The plot thickens - I already have the nic's tcp/ip set up with the correct DNS servers. From XP, I can successfully ping an authentic IP address as well as various other hostnames - just not my ISP's hostname (the important one right now). Since all this hardware appears to be working when I boot into linux (the pinging anyway), it must be a Windoze setting that's causing the error... :evil:
edit: Ok, I pinged again from linux to get the ip address and put that in Outlook instead of the hostname. I can now send and receive mail as a workaround. Why would XP not be able to resolve that particular hostname???
There are a few reasons why, normally i think it comes down to a screwed tcp/ip stack - or one on the blink. You can reset the TCP/IP stack in windows XP, consider giving this a go:
Thanks for all your help on this one, Jason. I appreciate all you're good suggestions!
I'll try resetting the stack like you suggested, but if it doesn't work, I can at least always use the ip address. It's just disconcerning that it's having trouble with that one hostname.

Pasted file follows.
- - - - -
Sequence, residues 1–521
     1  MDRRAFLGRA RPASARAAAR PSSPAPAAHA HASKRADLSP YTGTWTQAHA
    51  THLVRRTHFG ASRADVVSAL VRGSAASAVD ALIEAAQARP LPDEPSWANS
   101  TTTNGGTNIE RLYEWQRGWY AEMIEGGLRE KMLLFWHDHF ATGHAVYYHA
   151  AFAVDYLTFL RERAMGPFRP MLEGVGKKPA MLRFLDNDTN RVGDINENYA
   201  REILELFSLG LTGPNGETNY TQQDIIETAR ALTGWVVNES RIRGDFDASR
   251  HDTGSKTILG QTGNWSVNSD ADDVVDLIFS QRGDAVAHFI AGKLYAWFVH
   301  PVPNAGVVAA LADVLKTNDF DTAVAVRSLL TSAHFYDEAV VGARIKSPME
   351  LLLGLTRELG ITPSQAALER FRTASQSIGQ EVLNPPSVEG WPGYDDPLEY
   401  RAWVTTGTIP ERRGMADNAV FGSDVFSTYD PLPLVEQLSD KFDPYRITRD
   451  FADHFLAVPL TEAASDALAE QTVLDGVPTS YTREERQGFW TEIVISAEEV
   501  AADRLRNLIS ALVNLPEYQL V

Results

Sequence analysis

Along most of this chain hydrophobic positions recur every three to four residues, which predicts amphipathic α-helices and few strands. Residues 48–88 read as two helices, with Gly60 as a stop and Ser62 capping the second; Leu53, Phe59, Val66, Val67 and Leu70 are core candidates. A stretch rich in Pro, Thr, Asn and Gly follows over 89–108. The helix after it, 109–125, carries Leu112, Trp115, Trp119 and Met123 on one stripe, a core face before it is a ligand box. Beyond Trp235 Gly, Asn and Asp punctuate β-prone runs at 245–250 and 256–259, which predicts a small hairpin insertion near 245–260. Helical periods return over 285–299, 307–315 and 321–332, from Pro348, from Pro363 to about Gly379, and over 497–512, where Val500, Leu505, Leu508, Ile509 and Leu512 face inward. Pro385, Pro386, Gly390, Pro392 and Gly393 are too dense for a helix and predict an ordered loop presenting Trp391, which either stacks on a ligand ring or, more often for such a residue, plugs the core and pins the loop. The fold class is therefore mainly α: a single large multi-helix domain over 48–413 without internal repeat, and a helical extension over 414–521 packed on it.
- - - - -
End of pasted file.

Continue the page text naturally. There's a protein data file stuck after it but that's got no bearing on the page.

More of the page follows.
I'll post the stack resetting results when I get around to it.
just had another thought...
if shawmail.cg.shawcable.net is the fully qualified domain name of your ISP's mail server... In linux, and in windows, do you have this in your mail application? or are you just using "shawmail"?
In linux, you can put the line: "search cg.shawcable.net" at the top of resolve.conf, then typing "ping shawmail" would automagically append cg.shawcable.net to the end of it.
In winXP it does not work the same - in your mail client you would need the FQDN:shawmail.cg.shawcable.net
Well, resetting the stack did nothing.
However, your last suggestion of using the FQDN did the trick! I can ping it from XP and send & receive mail using it. Sure beats have an IP addy hard coded...
Thanks again, Jason!